David Graham (along with Carol Graser & myself) had been among the dozen readers at the 100K Poets for Change performance at SUNY Adirondack last Saturday & read his poem “100K Pebbles” that had been included in the text. Dan Vollweiler read a humorous rhyme “The Poetry Bug.” Amanda Blodget was the second poetry virgin of the night & read “Why Do I Write?” & a companion piece “In My Cocoon” about becoming a butterfly. Suzanne Rancourt, who has been making the rounds of readings lately read from her series “Song of the Hummingbird,” the poems titled “Shiver” & “Clear Skin.”

Brian Krauth’s poem “Poetic Sketches Cloud Lines” was a series of natural images stained by abstractions; he also read “Who in this Room?” Judith Prest read from her forth-coming chapbook from Finishing Line Press After the #MeToo poem “To Be A Woman” then from Elemental Connections the seasonal “Tree.” Jeff Stubits has been reading out a lot lately & tonight did a poem about finding umbrella parts in the rain “Mending Love,” then a piece on being distracted while meditating, in his throw-back style of reading like Ken Nordine from the classic Word Jazz LP way back in the 1950s. My poem was the tribute to the gone poets Harry Staley & Paul Pines “Reading Dead Poets Listening to Live Jazz.”

Caroline Bardwell is one of the newer poets on the scene that I always enjoy hearing & tonight she read a poem based on a story from her brother “At Dusk Wolves,” then “Cascades” a philosophical piece built on images of water. Nancy White read “a villanelle” that was a poem on mortality but not a villanelle titled “Villanelle."  Sally Rhoades read a piece for the anniversary of the shooting in Las Vegas last year “Innocence Lost,” then a poem from her time in Ada, OK “At the Chickasaw Cultural Center.” Our host, Carol Graser, to bring the night to a close, read her poem that was incorporated into the group poem last Saturday at SUNY Adirondack “Now Is the Time.”

Unfortunately, as seems to happen here frequently enough, the featured poet & his entourage left after the break & didn’t stay to hear the poets in the 2nd half share their poems. I had spoken to Lance briefly before the reading, then intended to read my poem to him about seeing one of his poems in a NYC subway ad “I Meet An Old Friend On the Subway” — he didn't stay, why bother?  I read something else.  All of the poets in the open mic had heard the feature (& the others who left with him) read in the first half of the night, but those who read in the second half went unheard by those who came to just read to themselves -- their loss.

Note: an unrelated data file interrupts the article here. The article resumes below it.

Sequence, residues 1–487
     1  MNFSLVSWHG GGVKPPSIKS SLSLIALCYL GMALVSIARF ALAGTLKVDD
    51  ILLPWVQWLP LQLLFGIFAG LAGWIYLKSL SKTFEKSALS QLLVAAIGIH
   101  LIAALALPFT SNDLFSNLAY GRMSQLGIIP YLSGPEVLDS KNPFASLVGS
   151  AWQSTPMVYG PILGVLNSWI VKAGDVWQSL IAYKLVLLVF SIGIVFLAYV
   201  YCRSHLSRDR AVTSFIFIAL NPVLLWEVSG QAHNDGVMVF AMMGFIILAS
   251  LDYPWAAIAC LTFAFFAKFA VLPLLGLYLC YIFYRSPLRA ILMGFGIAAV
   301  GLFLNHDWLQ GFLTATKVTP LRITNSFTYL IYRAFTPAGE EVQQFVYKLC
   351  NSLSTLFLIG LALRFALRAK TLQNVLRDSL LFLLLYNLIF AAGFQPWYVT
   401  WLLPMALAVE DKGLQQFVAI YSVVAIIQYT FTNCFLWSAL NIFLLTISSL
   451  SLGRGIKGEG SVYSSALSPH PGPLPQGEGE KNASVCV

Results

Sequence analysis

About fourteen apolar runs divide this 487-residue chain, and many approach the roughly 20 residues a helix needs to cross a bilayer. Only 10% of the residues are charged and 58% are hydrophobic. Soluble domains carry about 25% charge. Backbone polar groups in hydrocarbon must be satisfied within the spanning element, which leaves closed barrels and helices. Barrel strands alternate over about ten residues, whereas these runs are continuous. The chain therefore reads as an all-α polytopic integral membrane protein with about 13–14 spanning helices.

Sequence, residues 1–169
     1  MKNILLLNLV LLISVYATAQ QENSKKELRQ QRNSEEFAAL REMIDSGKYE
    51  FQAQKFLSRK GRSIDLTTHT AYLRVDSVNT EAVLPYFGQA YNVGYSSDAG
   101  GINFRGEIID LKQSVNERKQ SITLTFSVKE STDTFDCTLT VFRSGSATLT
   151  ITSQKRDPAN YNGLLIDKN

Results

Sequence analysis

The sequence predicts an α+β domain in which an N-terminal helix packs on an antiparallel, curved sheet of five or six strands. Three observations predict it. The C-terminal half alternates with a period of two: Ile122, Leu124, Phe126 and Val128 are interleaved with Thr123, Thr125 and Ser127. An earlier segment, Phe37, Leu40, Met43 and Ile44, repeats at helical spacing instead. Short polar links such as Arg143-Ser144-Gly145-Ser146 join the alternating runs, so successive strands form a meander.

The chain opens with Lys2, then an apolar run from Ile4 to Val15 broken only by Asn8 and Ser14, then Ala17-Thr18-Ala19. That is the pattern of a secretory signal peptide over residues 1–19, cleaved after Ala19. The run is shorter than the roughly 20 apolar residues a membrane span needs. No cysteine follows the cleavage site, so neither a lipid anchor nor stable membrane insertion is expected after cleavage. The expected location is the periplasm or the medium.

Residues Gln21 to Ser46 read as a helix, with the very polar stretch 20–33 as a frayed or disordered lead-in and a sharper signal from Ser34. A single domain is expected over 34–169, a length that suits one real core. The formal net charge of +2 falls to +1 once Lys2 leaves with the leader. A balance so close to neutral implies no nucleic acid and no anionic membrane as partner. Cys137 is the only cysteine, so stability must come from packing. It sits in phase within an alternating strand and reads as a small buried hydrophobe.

Well, no matter whether the puffed up featured poets hear the open mic poets, or not, the open mic poets will be back to read their poems to whomever is left in the audience, the 1st Wednesday of the month at Caffè Lena on Phila St. in Saratoga Springs, 7:30PM.

October 6, 2018

Brass Tacks #6, October 2

I like hanging out at The Low Beat & listening to poetry being shared — & of course washing it down with a beer. Thom Francis, our host, got us going pretty much on time.

I was first up with 2 poems, as I said, “from my very rich fantasy life,” “Lilly White” & “Sleeping in Patchouli.” Algorhythm did a “drive-by” on his way to Japan with a wistful poem about the words & babies he never had “Still Born.” Rhonda Rosenheck had been at the last Poets Speak Loud! at McGeary’s, tonight read “Good at Math” from her book Looking (Elephant Tree House, 2018), then on to a sestina “The Woman” from her series of “crime poetry.”

Kendall Hoeft has been making the rounds of the open mics of late, read a poem based on the film of Anna Karenina “Of Sea & Sky,” then a love poem “Request for Body Modification,” & the descriptive “A Dream in Morning.” When Mr. Azanah D. Moses came up to read with a copy of AlbanyPoets' new print publication Offline in hand I thought he was reading from the text, but it turns out he had been using it to write in; he said he is usually here for the song-writer night, read something called “Super Hero #7” & a very short piece on stolen identity.

Zacha was in Albany for work with co-workers, found a night out for poetry, beginning with an untitled piece on women, then something written from a prompt combining “security” & “my Jesus.” The poet who has been signing up (mostly) as Slay! the Dragon read on the crime theme with a strange piece about a detective looking for missing cats in Troy. Alyssa Michelle was back once again at the bottom of the list with another first person relationship poem “When the Past Calls” about remembering a love.

Brass Tacks continues the 1st & 3rd Tuesday poetry tradition at The Low Beat, 7:30PM, mostly an open mic, but featured readers lurking in the wings.

New York State Writers Institute, September 28